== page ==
Gay marriage makes me a queen without a prince

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Being single has almost been a badge of honor in gay culture. But as more of us assimilate, it’s serving to alienate some of us from the very success of our own movement.

Along with all the things that make gay people special, being legally single was something we all shared. The answer to the age-old holidays question “Why aren’t you married?” was “I’m gay.” Sorry, single fellas. You’ll have to complicate the real answer from here on out, and gay gadabout Michael Musto feels your pain.

The few times I’ve been in a relationship that could have verged on life partnering, I’ve made sure to mess things up so that my fear of intimacy takes over and I end up comfortably solo again.

But that shtick was only OK back when everyone was legally single, even if they had a partner. It was only acceptable before so many people I know started officially hitching up as I applauded, hit the cannoli wagon, and went home alone with a souvenir keepsake and a frozen smile.

Being an unmarried gay today is like finding yourself on a sale rack of beautiful, discarded toys where everyone pairs off and gets sold except you. And as much as I thought I wouldn’t care, the extra oppression that results from being a queen without a prince is starting to cause an ache in my one-man soul.

As more places embrace marriage equality for gay couples, more of those couples are jumping on the wedding bandwagon. When gay marriage is all the rage, is there explicit or implied shaming of those who can’t or won’t find a man?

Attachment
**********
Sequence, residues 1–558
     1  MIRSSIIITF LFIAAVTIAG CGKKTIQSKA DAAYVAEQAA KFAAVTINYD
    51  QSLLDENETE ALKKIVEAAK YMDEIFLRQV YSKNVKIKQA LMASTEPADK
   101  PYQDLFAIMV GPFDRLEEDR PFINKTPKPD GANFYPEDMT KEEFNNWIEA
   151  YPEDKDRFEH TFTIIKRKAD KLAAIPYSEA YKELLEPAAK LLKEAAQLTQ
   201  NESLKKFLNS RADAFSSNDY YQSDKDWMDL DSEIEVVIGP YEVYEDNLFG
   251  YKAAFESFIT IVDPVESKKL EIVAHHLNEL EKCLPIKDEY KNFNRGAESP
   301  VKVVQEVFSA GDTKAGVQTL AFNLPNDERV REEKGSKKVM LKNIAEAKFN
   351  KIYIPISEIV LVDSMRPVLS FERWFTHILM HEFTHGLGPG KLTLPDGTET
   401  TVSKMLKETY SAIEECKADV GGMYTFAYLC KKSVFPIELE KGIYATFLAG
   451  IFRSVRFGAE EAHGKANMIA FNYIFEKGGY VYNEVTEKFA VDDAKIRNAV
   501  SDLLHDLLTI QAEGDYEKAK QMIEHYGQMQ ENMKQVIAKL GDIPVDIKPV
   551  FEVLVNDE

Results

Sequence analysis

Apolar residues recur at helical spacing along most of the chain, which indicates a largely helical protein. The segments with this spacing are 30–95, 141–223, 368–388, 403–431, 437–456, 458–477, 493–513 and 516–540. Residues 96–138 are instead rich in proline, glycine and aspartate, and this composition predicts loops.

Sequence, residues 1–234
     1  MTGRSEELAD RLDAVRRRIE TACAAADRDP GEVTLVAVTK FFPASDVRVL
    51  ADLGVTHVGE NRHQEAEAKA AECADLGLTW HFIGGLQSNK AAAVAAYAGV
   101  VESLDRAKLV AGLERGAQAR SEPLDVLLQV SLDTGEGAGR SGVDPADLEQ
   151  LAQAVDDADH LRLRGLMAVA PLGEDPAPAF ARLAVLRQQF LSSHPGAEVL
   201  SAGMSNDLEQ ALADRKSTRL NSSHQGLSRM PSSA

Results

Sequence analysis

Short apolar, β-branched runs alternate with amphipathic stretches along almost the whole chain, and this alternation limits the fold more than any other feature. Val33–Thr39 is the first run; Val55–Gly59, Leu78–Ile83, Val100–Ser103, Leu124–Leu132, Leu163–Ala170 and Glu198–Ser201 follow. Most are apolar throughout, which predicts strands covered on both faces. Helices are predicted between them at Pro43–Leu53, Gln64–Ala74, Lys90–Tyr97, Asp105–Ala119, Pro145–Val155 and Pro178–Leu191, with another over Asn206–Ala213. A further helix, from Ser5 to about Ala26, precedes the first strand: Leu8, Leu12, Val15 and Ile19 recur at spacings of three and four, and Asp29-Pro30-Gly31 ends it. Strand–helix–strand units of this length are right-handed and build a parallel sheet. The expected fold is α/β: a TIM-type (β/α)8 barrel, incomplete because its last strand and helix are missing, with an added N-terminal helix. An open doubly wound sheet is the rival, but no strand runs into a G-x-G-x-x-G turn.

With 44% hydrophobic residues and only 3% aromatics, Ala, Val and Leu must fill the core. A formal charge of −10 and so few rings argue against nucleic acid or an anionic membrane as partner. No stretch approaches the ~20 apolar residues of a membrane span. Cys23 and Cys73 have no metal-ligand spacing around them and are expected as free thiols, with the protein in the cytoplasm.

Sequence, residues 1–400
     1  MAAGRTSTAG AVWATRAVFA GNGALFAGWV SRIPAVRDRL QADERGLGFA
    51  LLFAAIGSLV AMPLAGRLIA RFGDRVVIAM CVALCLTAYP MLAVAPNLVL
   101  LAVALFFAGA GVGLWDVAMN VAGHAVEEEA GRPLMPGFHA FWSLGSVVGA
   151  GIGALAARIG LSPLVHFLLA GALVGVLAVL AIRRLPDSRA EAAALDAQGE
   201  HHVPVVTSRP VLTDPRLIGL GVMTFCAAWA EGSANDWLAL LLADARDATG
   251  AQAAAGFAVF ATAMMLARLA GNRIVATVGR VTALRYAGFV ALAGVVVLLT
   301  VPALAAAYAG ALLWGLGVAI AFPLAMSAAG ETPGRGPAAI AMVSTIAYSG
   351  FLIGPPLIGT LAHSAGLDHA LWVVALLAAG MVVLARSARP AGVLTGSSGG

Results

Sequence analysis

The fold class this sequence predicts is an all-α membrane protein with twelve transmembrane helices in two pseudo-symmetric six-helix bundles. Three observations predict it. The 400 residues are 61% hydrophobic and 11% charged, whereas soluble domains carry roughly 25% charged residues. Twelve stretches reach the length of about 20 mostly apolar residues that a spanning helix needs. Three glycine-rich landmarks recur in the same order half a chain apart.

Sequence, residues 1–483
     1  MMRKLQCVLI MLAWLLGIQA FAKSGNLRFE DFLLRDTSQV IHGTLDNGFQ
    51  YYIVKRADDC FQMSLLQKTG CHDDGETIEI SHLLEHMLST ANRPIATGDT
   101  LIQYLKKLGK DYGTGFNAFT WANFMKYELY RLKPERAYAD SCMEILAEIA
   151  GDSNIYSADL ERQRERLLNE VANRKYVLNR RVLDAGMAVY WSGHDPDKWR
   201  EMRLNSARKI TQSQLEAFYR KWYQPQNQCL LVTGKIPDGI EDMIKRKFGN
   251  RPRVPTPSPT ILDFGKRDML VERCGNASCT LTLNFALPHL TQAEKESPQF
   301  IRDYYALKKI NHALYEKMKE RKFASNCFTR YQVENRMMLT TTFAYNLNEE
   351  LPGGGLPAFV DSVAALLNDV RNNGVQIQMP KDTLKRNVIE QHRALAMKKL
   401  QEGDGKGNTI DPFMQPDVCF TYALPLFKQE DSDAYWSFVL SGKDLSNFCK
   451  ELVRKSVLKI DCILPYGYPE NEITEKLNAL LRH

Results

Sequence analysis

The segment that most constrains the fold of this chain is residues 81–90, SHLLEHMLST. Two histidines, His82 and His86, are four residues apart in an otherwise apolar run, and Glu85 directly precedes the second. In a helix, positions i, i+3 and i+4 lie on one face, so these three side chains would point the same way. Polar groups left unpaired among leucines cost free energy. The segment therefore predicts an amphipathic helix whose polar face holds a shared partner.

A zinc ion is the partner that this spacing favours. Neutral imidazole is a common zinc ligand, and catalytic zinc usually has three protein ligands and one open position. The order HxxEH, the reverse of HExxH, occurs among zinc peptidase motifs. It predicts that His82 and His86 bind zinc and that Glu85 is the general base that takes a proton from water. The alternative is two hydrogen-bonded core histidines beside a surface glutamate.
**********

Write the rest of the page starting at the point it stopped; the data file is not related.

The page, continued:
Musto thinks so, even if it's self-inflicted in the midst of bittersweet victory. Not that he’s bemoaning the advancement of equality. Musto may not be in love with the love that dares not stay single, but he isn’t immune to some of its charms

At least gay marriage has been great for team spirit. It’s helped remove a lot of the outsider edge surrounding gayness, joyously fostering the equality we’ve long fought for. Alas, it hasn’t quite worked that way for me—in fact, it’s driven me even further out of the gay mainstream.

So many LGBT people have gotten married—or want to—that I’m now even less of a typical gay than I was. “Typical” is not something I ever longed to be—I only go to the gym for parties—but it’s a bit painful to feel so glaringly out of step with your own community’s most pressing drives.

“You didn’t fit in with straights and now you don’t belong with your own kind either. You’re as unmarriageable as a Disney star fresh out of rehab.”

This twist in the ongoing conversation comes just in time for that sweet Kentucky legal love and the latest poll showing gains for gay acceptance. As of Wednesday, a sweeping Washington Post poll shows support for legal marriage equality in the U.S. at an all-time high 59 percent. And more than half of Americans think it’s guaranteed by the Constitution.

Call the U-Haul place, boys! We're alter-bound! Well, maybe you’d just settle for one good date.



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